I don't pet jumping, barking dogs and you would be surprised at how quickly they catch on.
If you haven't already he needs crate training and muzzle training. Whether you use them or not they are life skills that every dog should learn
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post #4 of 12 (permalink) Old 04-24-2019, 01:48 PM Thread Starter
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Thank you! This is really helpful. He is crate trained and I did purchase a muzzle and I'm warming myself up to the idea-- I just hate that it's necessary to train him with a muzzle.
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post #5 of 12 (permalink) Old 04-24-2019, 01:48 PM Thread Starter
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Thanks for these helpful tips.

I'd read about prong collars and got mixed messages so I've largely avoided them--can't prong collars just increase anxiety and create more aggression?
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post #6 of 12 (permalink) Old 04-24-2019, 02:47 PM
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Quote:
Originally Posted by Jae2theD View Post
I'd read about prong collars and got mixed messages so I've largely avoided them--can't prong collars just increase anxiety and create more aggression?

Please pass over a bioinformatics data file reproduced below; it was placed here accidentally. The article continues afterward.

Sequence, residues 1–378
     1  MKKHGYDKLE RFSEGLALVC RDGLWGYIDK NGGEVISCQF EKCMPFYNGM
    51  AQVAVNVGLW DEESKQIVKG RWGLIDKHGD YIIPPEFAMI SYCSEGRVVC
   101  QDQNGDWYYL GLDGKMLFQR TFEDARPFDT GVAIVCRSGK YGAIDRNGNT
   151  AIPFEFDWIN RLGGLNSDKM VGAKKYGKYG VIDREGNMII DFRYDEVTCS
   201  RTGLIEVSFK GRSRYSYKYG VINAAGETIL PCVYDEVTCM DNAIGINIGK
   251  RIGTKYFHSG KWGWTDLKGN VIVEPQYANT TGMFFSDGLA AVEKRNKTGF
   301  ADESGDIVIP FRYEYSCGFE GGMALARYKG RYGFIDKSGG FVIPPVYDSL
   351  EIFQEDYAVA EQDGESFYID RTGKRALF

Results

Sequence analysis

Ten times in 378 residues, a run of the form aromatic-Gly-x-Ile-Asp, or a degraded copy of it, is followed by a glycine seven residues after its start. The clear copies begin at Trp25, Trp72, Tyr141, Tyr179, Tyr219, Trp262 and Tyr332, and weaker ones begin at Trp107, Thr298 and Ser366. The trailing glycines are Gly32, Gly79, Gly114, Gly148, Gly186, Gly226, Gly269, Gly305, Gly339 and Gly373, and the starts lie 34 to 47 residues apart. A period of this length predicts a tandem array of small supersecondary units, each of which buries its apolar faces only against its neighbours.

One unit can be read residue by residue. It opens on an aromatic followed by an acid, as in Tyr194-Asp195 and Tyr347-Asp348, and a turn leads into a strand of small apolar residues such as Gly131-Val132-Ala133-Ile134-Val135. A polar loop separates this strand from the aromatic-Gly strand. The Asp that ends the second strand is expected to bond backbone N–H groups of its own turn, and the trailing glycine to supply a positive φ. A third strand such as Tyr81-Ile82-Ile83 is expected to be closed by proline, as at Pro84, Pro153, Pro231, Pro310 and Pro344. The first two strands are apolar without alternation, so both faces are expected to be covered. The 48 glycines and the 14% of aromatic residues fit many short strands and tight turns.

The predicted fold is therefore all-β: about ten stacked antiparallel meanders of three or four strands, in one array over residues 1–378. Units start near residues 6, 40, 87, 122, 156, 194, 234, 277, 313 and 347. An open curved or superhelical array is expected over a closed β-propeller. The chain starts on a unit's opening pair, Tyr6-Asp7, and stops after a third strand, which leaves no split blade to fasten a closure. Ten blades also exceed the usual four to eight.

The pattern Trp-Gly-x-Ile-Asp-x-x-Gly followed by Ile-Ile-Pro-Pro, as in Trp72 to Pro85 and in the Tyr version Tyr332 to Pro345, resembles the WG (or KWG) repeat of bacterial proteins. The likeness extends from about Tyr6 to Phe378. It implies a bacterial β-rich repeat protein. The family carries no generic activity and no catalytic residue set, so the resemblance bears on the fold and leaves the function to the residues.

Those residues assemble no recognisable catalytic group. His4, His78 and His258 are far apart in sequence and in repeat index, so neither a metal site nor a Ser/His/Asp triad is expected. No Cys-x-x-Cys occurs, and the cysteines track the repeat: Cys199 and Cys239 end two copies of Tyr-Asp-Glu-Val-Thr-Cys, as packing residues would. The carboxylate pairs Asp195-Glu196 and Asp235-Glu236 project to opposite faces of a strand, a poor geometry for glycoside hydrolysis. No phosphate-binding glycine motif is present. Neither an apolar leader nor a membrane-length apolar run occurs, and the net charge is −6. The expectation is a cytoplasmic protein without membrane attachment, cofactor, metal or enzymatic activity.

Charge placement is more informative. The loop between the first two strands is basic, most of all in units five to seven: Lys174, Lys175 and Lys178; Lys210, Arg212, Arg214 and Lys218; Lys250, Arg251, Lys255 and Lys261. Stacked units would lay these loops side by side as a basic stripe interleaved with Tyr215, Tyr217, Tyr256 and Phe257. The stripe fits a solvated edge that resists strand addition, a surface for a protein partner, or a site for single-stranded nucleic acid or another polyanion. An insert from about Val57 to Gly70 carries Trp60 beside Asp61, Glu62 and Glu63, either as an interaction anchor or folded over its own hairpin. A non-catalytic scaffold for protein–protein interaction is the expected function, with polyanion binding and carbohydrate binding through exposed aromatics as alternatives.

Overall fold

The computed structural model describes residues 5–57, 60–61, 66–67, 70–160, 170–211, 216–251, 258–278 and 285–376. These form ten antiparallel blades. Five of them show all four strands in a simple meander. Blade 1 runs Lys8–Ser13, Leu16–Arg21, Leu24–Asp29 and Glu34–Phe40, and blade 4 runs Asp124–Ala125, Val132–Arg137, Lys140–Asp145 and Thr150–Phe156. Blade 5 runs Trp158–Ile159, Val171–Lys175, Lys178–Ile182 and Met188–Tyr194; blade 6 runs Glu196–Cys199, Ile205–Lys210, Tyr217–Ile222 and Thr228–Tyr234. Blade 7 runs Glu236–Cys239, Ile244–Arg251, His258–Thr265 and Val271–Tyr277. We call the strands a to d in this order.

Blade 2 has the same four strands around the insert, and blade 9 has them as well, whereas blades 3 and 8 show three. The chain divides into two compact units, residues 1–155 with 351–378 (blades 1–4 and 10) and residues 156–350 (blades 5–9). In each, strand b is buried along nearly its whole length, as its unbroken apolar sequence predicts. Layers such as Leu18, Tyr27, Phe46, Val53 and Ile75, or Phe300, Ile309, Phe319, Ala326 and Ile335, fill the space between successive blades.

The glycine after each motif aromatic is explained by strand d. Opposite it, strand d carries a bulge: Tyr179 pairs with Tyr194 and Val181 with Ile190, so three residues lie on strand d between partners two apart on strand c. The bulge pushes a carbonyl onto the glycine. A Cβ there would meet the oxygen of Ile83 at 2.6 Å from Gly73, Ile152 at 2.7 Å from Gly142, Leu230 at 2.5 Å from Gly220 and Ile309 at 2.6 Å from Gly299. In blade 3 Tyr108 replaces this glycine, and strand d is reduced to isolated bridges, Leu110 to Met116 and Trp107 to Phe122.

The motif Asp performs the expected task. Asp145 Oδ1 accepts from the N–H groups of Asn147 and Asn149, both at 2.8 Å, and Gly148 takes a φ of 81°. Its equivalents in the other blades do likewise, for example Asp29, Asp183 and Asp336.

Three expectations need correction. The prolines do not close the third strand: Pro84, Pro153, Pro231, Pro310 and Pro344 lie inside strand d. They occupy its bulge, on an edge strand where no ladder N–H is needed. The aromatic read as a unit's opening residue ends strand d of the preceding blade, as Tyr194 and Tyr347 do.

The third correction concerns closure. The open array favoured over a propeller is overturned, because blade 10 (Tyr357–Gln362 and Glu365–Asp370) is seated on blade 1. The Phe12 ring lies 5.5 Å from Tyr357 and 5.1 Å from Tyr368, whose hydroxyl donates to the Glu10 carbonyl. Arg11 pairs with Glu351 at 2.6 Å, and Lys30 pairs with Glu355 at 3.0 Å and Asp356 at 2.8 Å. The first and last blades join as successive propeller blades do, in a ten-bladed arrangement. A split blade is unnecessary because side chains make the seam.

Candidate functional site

Not necessarily, although with some dogs they can. For that reason, and since you don't have experience dealing with reactivity and haven't used a prong before, I would suggest finding a good trainer to work with.

Getting his obedience rock solid and implementing NILIF are things you can easily do on your own without having to worry about messing it up.
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post #7 of 12 (permalink) Old 04-24-2019, 10:35 PM
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A little levity here... now I don't feel so silly double posting on your double thread :-) all the success to you as you and he work through it. Just remember it's a journey and most will agree one worth traveling.
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post #8 of 12 (permalink) Old 04-25-2019, 07:31 AM
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Prong collars won't create anxiety and aggression unless the dog has weak nerves or is handler aggressive. Using a muzzle is not going to teach the dog much. It sounds like you have some anxiety about how to deal with your dog and he will feed off of that anxiety.
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post #9 of 12 (permalink) Old 04-25-2019, 09:01 AM